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The prevalence of parties among the people, and of factions in the senate, and of all evil practices attendant on them, had its origin at Rome, a few years before, during a period of tranquillity, and amid the abundance of all that mankind regarded as desirable. For, before the destruction of Carthage, the senate and people managed the affairs of the republic with mutual moderation and forbearance; there were no contests among the citizens for honor or ascendency; but the dread of an enemy kept the state in order. When that fear, however, was removed from their minds, licentiousness and pride, evils which prosperity loves to foster, immediately began to prevail; and thus peace, which they had so eagerly desired in adversity, proved, when they had obtained it, more grievous and fatal than adversity itself. The patricians carried their authority, and the people their liberty, to excess; every man took, snatched, and seized1 what he could. There was a complete division into two factions, and the republic was torn in pieces between them. Yet the nobility still maintained an ascendency by conspiring together; for the strength of the people, being disunited and dispersed among a multitude, was less able to exert itself. Things were accordingly directed, both at home and in the field, by the will of a small number of men, at whose disposal were the treasury, the provinces, offices, honors, and triumphs; while the people were oppressed with military service and with poverty, and the generals divided the spoils of war with a few of their friends. The parents and children of the soldiers,2 meantime, if they chanced to dwell near a powerful neighbor, were driven from their homes. Thus avarice, leagued with power, disturbed, violated, and wasted every thing, without moderation or restraint; disregarding alike reason and religion, and rushing headlong, as it were, to its own destruction. For whenever any arose among the nobility,3 who preferred true glory to unjust power, the state was immediately in a tumult, and civil discord spread with as much disturbance as attends a convulsion of the earth.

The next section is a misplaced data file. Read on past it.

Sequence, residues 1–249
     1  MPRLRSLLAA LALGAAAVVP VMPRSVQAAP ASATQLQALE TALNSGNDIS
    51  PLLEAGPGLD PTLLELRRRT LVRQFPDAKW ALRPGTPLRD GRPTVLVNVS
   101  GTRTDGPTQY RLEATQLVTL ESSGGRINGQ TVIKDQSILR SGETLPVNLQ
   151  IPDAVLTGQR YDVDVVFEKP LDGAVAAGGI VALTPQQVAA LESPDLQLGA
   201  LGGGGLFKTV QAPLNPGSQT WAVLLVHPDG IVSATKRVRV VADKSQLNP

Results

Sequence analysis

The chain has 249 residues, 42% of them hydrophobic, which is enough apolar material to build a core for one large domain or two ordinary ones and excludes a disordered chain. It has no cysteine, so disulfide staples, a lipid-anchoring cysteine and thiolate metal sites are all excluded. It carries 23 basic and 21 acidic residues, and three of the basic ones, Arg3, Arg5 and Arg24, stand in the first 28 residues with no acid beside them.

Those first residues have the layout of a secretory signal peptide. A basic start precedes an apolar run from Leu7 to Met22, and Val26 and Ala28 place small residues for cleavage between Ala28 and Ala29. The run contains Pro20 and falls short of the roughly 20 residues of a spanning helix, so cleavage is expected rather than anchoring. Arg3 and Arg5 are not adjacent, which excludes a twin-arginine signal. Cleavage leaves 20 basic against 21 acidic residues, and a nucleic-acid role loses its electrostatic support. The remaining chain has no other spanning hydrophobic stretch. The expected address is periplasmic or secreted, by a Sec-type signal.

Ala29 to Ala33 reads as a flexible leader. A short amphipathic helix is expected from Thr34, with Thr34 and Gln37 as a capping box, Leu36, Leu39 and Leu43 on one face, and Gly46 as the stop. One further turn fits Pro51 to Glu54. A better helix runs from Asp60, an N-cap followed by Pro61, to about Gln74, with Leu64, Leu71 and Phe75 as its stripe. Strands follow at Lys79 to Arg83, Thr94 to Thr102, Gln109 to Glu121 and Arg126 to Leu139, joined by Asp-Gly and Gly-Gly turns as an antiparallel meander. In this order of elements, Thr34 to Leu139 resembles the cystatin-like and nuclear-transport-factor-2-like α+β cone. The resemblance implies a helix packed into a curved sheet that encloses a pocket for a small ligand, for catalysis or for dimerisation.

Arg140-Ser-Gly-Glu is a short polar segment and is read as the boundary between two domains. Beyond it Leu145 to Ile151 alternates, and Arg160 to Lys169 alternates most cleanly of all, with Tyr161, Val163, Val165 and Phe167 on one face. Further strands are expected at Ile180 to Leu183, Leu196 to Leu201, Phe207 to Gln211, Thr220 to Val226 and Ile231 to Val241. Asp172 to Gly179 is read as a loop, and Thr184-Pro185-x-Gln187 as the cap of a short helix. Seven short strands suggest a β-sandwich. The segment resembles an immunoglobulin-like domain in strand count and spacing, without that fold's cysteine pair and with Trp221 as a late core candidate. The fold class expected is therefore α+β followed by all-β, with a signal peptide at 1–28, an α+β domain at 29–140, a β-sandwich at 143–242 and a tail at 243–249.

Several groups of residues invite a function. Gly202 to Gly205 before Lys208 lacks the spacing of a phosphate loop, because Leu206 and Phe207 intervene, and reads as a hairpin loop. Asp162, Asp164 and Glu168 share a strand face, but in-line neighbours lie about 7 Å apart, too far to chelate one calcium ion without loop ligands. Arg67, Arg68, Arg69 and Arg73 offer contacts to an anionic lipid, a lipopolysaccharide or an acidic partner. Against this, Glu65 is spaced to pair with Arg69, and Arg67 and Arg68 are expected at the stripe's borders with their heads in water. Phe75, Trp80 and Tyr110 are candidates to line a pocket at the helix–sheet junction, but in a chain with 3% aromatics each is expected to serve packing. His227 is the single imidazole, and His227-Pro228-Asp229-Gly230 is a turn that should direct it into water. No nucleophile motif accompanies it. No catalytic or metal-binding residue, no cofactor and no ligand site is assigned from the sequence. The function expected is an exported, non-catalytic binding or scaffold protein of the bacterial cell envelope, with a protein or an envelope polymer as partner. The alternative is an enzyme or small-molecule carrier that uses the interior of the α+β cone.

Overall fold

1 XLI. Took, snatched, and seized] “Ducere, trahere, rapere.” “"Ducere conveys the notion of cunning and fraud; trahere of some degree of force; rapere of open violence."” Müller. The words chiefly refer to offices in the state, as is apparent from what follows.

2 The parents and children of the soldiers, etc.]

Quid quod usque proximos
Revellis agri terminos, et ultra
Limites clientium
Salis avarus? Pellitur paternos
In sinu ferens deos
Et uxor et vir, sordidosque natos.

Hor. Od., ii. 18.

“What can this impious av'rice stay ?
Their sacred landmarks torn away,
You plunge into your neighbor's grounds,
And overleap your client's bounds,
Helpless the wife and husband flee
And in their arms, expell'd by thee,
Their household gods, adored in vain,
Their infants, too, a sordid train.


3 Among the nobility] “Ex nobilitate.” Cortius injudiciously omits those words. The reference is to the Gracchi.

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